In Summer 2020, I pursued an undergraduate research project with support from a summer research grant from the university. This research project was focused on the individualization of responsibility for waste management, especially at CMU, and asked, “how did we get to this point of maximum trash, and what could be done to improve the cultural relationship of producer, consumer, and the endless stream of trash?” Through my research, I found that “in order to establish a more sustainable waste management system, producers must recognize and act upon their responsibility in minimizing the amount of waste their products create rather than promoting the individualization of responsibility.” I studied the social, cultural, and political systems surrounding waste management, because I wanted to identify how waste management practices at CMU and beyond could be improved upon and addressed through art to maximize sustainability. CMU plays into the individualization of responsibility by fostering a campus which makes it difficult for students to live sustainably while pushing initiatives that depend on student choices. I argue in my paper that one fundamental way the university could live up to their commitment to sustainability is through the creation of an Office of Sustainability. I also argue that sustainability and art are inextricably connected through culture, and that art can play a significant role in issues such as waste management by drawing attention to certain issues, encouraging change, inspiring passion, and more.

The sustainability initiatives CMU does work on are similar to the work I did as the Housing Sustainability Lead in residence halls, in that they focus on fixing the symptoms of a bad waste management system rather than the problem itself. For example, the language CMU uses online and on posters suggest that waste creation and disposal are still responsibilities of the individual because of their emphasis on recycling rather than reducing and reusing. Carnegie Mellon’s “Recycling and Waste Management” website page shows how to dispose of waste at the university, with one section even dedicated to a list of vague reasons why recycling is important: “to reduce global warming, to prevent air pollution, to solve the problem of scarcity of landfills, to prevent water pollution, to save energy.” This language emphasizes that the university’s waste management system continues to work off the framework that the individual is responsible for consuming, and therefore discarding, trash. This waste management strategy fails to criticize the larger issue of production within waste management systems. If anything, the opposite has been stressed to students as the university’s priority. For example, during a monthly meeting Sustainable Earth conducted with CMU’s Sustainability Initiative Steering Committee, a member of the committee emphasized that he would like to focus on not what the university should be doing, but what students individually should be doing.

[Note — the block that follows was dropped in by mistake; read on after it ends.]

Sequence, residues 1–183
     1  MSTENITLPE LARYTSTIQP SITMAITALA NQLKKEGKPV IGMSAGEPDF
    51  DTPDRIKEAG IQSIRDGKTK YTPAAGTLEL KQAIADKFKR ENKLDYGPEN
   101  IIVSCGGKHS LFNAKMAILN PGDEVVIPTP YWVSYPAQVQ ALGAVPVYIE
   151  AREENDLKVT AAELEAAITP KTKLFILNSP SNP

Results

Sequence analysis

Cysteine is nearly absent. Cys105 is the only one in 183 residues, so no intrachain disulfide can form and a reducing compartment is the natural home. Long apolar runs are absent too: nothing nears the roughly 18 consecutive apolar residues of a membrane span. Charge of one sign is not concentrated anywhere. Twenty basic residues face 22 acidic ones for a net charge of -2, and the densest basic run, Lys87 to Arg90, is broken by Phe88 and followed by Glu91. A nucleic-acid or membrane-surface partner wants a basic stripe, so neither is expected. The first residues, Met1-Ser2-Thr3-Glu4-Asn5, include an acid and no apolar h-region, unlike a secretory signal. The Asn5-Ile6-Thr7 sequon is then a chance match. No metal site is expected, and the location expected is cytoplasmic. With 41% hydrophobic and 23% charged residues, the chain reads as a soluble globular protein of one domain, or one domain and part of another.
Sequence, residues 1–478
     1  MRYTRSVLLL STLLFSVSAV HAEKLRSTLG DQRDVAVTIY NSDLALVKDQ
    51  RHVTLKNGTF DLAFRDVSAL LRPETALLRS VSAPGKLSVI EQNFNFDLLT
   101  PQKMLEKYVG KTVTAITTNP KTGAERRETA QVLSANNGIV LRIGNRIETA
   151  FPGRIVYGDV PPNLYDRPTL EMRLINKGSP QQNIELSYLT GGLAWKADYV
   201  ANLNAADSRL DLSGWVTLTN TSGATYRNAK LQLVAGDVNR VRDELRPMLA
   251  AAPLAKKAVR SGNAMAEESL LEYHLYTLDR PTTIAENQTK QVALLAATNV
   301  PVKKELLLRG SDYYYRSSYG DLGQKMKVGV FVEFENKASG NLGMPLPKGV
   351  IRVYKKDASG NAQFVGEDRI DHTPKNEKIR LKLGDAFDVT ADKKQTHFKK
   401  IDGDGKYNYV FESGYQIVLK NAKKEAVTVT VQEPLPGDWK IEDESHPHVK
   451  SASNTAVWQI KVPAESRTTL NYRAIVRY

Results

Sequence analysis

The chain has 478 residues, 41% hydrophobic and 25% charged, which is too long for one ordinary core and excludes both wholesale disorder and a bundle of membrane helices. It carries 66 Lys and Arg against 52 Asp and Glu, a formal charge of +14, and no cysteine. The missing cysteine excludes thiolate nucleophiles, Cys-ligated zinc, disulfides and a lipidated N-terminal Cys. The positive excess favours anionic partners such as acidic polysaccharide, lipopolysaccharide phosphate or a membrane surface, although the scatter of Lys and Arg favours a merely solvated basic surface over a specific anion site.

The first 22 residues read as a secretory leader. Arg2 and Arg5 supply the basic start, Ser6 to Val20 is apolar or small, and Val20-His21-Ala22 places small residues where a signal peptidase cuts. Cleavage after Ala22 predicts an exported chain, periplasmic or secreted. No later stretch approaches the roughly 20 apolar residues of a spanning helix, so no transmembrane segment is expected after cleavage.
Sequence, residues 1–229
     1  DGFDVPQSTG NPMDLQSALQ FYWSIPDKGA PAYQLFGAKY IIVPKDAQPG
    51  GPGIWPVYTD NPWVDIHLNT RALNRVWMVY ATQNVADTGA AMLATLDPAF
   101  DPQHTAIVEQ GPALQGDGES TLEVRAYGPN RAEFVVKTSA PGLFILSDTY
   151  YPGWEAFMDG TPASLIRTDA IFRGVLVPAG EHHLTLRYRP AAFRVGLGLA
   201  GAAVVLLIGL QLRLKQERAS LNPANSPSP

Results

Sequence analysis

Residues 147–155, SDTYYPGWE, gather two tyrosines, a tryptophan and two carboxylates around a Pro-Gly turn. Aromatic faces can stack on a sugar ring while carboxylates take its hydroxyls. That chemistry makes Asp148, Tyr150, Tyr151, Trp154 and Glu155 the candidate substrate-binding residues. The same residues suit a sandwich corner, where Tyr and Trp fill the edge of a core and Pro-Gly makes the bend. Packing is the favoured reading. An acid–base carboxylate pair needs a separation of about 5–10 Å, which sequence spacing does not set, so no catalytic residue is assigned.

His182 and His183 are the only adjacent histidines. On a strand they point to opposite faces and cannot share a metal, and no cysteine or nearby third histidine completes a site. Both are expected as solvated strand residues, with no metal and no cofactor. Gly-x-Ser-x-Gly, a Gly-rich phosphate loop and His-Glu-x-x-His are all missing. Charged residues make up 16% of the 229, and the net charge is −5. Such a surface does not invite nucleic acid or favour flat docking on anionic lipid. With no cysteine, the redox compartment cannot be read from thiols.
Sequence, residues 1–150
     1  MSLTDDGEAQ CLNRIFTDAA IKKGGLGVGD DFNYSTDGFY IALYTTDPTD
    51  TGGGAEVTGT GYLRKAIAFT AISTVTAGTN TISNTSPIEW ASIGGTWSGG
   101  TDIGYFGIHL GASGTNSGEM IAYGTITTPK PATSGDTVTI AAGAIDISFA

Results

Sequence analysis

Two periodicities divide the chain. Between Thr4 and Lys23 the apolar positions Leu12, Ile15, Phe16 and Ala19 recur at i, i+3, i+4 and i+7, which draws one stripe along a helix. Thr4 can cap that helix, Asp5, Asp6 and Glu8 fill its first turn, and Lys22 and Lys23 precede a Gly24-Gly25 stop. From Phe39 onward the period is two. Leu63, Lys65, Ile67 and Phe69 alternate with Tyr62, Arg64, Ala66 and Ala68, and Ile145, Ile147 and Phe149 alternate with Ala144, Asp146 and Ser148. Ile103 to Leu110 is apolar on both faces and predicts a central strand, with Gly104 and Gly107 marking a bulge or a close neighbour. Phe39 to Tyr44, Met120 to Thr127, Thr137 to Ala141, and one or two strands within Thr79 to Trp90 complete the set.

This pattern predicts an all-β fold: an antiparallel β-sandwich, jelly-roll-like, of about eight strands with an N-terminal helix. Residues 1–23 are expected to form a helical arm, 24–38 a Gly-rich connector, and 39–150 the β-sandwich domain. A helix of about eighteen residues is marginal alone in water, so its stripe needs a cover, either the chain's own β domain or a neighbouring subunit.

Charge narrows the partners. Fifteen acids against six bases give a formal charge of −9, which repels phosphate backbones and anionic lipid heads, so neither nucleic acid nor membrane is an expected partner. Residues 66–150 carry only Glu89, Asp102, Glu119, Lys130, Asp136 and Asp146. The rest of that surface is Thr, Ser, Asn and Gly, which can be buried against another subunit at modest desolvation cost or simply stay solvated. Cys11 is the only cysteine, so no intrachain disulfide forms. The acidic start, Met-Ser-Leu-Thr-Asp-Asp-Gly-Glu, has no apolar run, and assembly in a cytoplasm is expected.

Entropy+ is a vital part of campus because of its convenience for students. It offers a variety of necessary items and is easily accessible being located in the middle of campus. The products which are offered, however, contain an overwhelming amount of plastic packaging. The only products which do not contain packaging are some selections of extremely expensive fruits. Additionally, the companies which supply Entropy+ are  mostly large corporations, the same ones which are to blame for the amount of waste produced today. It is frustrating to hear university leadership want to emphasize individual student action rather than university-level action within sustainability when vital components of campus, like Entropy+, only offer products which do not allow for sustainable living on campus. It is unfair to provide students with unsustainable options and then turn around and ask them to do better with what they are given.

The fixation on recycling and individual responsibility draws attention to either a lack of understanding about sustainability or a lack of commitment toward sustainability, which could both be addressed through a group of passionate, knowledgeable people in the form of an Office of Sustainability. Ongoing sustainability initiatives on campus are often temporary, since they are student-run and therefore incapable of making long-lasting change, disconnected from each other, without adequate funding, and not a priority to the people working on it, as sustainability at CMU most likely is not their primary job. If Carnegie Mellon truly believes itself to be a leader in sustainability, it will start by playing catch up through the establishment of an Office of Sustainability.